Piracy: Lessons Learned

Thursday, May 21, 2009

Below is the opening statement given by Chairman Elijah E. Cummings at the May 19 Coast Guard and Maritime Transportation Subcommittee hearing, “Piracy Against U.S.-Flagged Vessels: Lessons Learned.”

On February 4, 2009, I convened this Subcommittee to examine international piracy on the high seas, particularly in the Horn of Africa region.

At that time, no U.S.-flagged vessels had been attacked by pirates – and the general conclusion among our witnesses was that ships should focus on implementing the anti-piracy measures that had been identified as likely to thwart attempted pirate attacks, such as transiting the Horn of Africa at night and at the highest possible rate of speed and employing non-lethal measures such as water hoses.

Now, however, we convene in very changed circumstances.  Two U.S.-flagged vessels – the Maersk Alabama and the Liberty Sun – have been attacked by Somali pirates.

One of the attacks resulted in the taking of an American Captain, Richard Phillips, hostage.  He was freed only through the decisive intervention of U.S. military forces, including Navy SEALs, who eventually killed the pirates holding Captain Phillips after it became clear his life was in imminent danger.

These attacks against the Maersk Alabama and the Liberty Sun are the first known pirate attacks against a U.S.-flagged vessel since the end of our war with the Barbary pirates in the early 1800s. 

These attacks – conducted by young men from the desperately poor nation of Somalia who have few legitimate opportunities to earn a living and who arm themselves with RPGs and AK-47s and take to the seas in small boats – represent in many ways the asymmetry of the threats that we as a nation confront today. 

That said, the U.S.-flagged merchant fleet has always been able to rely on the protection of the U.S. Navy to ensure its safety.  As we saw with the Maersk Alabama, that Navy is more than capable of handling this current threat.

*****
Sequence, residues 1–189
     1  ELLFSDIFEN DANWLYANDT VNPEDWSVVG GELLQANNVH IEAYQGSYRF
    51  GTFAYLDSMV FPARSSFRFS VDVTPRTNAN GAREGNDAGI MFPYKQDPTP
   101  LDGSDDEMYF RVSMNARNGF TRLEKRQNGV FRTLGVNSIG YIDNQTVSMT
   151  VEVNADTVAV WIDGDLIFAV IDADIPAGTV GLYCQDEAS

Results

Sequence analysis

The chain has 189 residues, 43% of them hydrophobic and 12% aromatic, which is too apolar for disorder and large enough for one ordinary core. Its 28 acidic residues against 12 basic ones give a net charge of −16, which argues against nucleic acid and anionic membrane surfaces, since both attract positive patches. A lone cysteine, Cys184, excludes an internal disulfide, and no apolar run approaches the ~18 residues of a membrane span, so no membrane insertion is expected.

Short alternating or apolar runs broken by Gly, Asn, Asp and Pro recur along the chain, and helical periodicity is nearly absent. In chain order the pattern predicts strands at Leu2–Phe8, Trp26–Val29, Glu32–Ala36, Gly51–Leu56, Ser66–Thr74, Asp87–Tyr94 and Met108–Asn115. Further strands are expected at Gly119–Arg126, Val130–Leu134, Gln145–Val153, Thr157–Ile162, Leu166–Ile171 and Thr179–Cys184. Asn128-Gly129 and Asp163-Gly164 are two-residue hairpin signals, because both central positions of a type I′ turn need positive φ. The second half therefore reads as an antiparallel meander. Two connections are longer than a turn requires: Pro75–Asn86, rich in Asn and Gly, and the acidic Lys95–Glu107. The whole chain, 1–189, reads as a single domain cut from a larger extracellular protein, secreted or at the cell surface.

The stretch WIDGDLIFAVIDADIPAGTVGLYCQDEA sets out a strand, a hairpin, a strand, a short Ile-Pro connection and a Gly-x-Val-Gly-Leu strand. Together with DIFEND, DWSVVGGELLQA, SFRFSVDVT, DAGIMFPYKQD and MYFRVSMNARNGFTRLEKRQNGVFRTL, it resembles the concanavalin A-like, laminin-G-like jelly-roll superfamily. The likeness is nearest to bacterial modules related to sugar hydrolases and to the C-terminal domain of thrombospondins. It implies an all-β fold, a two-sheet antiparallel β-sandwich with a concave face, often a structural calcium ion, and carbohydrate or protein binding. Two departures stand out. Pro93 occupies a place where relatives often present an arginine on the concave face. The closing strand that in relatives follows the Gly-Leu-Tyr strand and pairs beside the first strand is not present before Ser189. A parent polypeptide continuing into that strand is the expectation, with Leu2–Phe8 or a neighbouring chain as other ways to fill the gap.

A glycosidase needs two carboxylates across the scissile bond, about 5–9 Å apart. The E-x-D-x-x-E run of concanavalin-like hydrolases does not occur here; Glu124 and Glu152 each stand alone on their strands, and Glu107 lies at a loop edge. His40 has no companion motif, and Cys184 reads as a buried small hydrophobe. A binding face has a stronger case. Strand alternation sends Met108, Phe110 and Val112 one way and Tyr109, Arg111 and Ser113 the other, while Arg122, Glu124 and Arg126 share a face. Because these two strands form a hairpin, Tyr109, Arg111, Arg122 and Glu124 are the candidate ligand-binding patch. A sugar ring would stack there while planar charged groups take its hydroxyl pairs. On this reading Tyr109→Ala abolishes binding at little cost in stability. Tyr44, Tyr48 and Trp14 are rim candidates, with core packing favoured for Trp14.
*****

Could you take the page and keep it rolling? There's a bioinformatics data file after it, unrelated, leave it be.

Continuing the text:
Nonetheless, at the present time, it appears that the U.S.-flagged fleet is essentially being left to handle its immediate security needs by itself. 

On May 12, the Coast Guard issued Maritime Security Directive 104-6, which purports to “provide[…] the maritime industry with specific, risk-based measures to take to deter, detect or disrupt piracy.” 

Specifically, the Directive requires U.S.-flagged vessels to adopt an anti-piracy plan before entering high risk waters and to employ those measures known to help prevent pirate attacks, including transiting through established transit lanes, utilizing erratic course changes, and traveling at the highest possible speeds. 

Additionally, the Directive requires vessels to “supplement ship’s crew with armed or unarmed security based on a piracy specific vessel threat assessment conducted by the operator and approved by the Coast Guard.” 

While these are sensible recommendations that a merchant vessel should follow to protect itself while transiting waters where pirate attacks are common, there is a broader question to be considered. 

Why is it that the best our nation appears to have to offer our merchant mariners at this time is instructions on the steps they should take to protect themselves?

It is not at all clear to me why the Navy or, in the absence of a willingness to act on the part of the Navy, the Coast Guard, isn’t providing embarked military personnel on the few U.S.-flagged vessels that transit the Horn of Africa region – most of which, I note, are carrying U.S.-government impelled cargoes.

While I have no doubt that the Navy would respond immediately if another attack occurs against a U.S.-flagged vessel – the timeliness of their response could be hindered if Navy assets are far from the scene of the attack. 

And sadly, in the time that it takes the Navy to respond to an incident, another hostage situation may have been created – putting another U.S. mariner at the mercy of pirates who have already announced their intention to take revenge against U.S. mariners for the deaths of their pirate colleagues in the Maersk Alabama incident.

Given these realities, I don’t believe the Department of Defense would really argue that U.S.-flagged vessels are safer if they are left to protect themselves. 

Nor do I think the DOD would argue that it is preferable to respond to an incident rather than to prevent an incident from occurring.

That said, the issue we must explore is the following.  We have long argued that we need a U.S.-flagged merchant fleet to carry U.S.-government cargoes and to provide sealift capacity to support DOD needs in time of war and national emergency. 

For that reason, we have created the Maritime Security Program, which provides direct payments to U.S.-flagged ships to ensure that they are available when the government needs them.

Given this, isn’t it in our national interest to utilize the very limited U.S. military resources that would be necessary to protect our U.S.-flagged fleet rather than leaving them to implement their own defensive measures?

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